As Hillary, Obama, and Edwards continue to slug it out in the early primary states, one name is conspicuously absent among the Democratic candidates to become the next president of the United States. Where is Al Gore? The man who received more votes than George W. Bush did in 2000, who served eight years as Bill Clinton's vice president, and whose climate change evangelism has been rewarded with an Oscar and Nobel Peace Prize has resolutely refused to enter the race, even though he might well have won it. Ever since the documentary An Inconvenient Truth catapulted Gore to international superstardom in 2006, countless citizens and opinion leaders at home and abroad have urged him to pursue the presidency. For its 2007 Person of the Year issue, Time magazine asked Gore if he did not have "a moral obligation" to run, given the unparalleled power of the White House and the urgency of the climate crisis. Gore gave much the same answer he has been giving for months now: although he had "not completely ruled out the possibility," he did not expect to run for office; the best thing he could do to fight climate change was to stay focused on "changing public opinion."
Frank Zaski is a retired auto executive who has made something of a name for himself by pursuing a campaign to get shopping mall owners to turn down the heat. He put together some interesting thoughts on how to get people to use energy more wisely:
This post is by ClimateProgress guest blogger Bill Becker, executive director of the Presidential Climate Action Project. ----- Change -- a perennial theme in presidential campaigns -- has taken on a more serious meaning this election season. Of all the promises being put forward by the presidential candidates, change may be the most frequent. "Change" usually is a word used by candidates who don't have much Washington experience, but want to package their inexperience as a virtue. But allegiance to "change" is far more important If we want to confront global warming, energy insecurity and peak oil over the next four to eight years -- not to mention Iraq, the deficit, health care costs, and several other messes the Bush administration is leaving to its successors -- change will be the name of the game. Big change, in fact. There is wide acknowledgment that Americans need to come together to solve some of these problems. We need a uniter, not a divider, in the White House -- for real this time. We have enough common causes, certainly, around which we should rally. What we don't have is trust.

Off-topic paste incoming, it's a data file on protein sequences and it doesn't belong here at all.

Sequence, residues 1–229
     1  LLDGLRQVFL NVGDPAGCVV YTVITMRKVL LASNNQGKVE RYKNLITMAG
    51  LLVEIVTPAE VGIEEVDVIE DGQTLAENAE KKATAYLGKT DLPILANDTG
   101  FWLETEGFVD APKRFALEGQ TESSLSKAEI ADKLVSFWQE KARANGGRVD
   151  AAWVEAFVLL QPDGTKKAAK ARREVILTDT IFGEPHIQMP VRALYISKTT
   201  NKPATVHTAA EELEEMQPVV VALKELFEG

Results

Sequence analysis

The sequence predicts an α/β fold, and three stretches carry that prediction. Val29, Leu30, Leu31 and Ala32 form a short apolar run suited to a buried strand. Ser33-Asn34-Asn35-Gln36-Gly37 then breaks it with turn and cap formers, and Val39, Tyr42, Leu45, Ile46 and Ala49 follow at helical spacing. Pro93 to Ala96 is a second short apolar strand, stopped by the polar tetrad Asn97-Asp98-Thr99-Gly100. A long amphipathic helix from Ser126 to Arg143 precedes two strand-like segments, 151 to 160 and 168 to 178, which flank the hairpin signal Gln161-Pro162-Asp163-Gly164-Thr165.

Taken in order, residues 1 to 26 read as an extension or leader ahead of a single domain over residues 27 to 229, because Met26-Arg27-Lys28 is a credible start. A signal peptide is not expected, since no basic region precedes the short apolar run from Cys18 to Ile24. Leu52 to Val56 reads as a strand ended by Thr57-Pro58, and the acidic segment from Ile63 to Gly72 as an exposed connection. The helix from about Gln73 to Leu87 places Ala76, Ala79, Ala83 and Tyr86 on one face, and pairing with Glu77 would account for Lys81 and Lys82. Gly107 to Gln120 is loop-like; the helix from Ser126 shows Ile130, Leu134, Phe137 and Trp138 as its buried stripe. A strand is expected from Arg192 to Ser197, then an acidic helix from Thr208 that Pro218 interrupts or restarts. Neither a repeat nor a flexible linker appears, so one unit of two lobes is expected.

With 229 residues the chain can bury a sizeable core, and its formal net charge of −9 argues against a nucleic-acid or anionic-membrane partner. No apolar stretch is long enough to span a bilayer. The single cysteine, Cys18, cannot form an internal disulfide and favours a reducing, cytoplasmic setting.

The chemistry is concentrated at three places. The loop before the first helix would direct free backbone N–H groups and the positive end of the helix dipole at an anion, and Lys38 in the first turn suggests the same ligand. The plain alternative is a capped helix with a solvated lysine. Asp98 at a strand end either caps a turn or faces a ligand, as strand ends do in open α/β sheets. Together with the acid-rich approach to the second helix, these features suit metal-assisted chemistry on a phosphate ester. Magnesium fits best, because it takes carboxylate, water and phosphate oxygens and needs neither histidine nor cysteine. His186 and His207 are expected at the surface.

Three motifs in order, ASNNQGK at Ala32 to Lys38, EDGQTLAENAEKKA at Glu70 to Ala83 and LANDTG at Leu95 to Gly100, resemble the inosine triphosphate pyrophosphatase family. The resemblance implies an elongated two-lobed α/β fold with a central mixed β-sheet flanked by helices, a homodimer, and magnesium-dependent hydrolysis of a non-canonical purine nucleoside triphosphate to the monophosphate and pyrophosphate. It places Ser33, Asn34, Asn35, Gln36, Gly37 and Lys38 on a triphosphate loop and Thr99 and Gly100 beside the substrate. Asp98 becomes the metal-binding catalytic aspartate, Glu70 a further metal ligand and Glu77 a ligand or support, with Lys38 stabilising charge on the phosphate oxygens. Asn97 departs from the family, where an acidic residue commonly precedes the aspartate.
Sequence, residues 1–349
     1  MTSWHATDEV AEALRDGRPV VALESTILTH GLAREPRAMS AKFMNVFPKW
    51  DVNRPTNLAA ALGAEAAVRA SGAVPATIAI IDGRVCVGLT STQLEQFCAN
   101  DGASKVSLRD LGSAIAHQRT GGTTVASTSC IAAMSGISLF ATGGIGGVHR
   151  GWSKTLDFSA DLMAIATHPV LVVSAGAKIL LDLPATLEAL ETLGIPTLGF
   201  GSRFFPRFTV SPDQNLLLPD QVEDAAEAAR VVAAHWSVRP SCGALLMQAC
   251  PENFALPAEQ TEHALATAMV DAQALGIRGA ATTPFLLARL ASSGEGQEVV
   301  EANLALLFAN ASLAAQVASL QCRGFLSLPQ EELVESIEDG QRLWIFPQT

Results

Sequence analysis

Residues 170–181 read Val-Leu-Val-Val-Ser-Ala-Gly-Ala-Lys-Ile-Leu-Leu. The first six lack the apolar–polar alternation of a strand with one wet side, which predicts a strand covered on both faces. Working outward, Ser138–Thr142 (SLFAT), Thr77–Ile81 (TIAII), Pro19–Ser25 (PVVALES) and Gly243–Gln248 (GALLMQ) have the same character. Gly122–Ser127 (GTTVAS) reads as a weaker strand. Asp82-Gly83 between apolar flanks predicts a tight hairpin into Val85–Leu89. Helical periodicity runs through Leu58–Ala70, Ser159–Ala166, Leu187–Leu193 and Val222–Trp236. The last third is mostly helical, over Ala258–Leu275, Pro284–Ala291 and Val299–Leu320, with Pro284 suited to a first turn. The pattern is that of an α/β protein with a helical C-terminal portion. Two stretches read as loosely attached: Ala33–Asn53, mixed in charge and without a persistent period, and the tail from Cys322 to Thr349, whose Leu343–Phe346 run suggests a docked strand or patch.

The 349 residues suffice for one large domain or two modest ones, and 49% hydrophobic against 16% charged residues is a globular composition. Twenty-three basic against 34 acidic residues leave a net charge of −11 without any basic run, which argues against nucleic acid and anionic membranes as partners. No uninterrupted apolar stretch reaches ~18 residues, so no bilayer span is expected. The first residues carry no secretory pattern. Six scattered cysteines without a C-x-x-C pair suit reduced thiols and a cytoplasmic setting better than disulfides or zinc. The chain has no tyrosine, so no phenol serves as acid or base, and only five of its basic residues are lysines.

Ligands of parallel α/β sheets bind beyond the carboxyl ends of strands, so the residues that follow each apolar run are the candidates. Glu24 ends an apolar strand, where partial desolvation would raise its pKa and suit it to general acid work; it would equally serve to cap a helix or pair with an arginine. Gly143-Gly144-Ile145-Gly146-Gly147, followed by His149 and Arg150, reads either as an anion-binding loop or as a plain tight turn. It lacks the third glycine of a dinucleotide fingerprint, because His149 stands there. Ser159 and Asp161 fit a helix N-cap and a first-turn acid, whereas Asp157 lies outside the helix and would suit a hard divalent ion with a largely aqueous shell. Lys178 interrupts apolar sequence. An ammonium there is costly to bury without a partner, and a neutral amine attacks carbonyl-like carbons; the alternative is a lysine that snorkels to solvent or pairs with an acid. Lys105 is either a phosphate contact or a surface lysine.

This CQ article is disturbing for two reasons. One, it confirms my worst fears about a McCain candidacy: Today, McCain’s position would be relatively close to that of the Democratic nominee in a general election. Only on the most superficial level, but then, I guess that’s the level we play on during campaigns. … if Republicans nominate a cap-and-trade proponent for president — McCain or possibly Huckabee — the GOP side could play up the issue in an attempt to take votes away from the Democrat. "My guess is that Senator McCain will continue talking about it even though there …
This, from Greenwire (sub rqd), made me laugh: Would President Bush sign a global warming bill into law before leaving office one year from now? … Ken Mehlman, head of Bush’s 2004 re-election bid and former chairman of the Republican National Committee, told reporters Friday that he would urge the White House to support legislation that sets mandatory limits on U.S. heat-trapping greenhouse gas emissions. Bush’s signature on such a bill would make sense, Mehlman said … Wait a minute! Isn’t Mehlman a notorious party hack? What the hell is … "… an appropriate next step," said Mehlman, now a …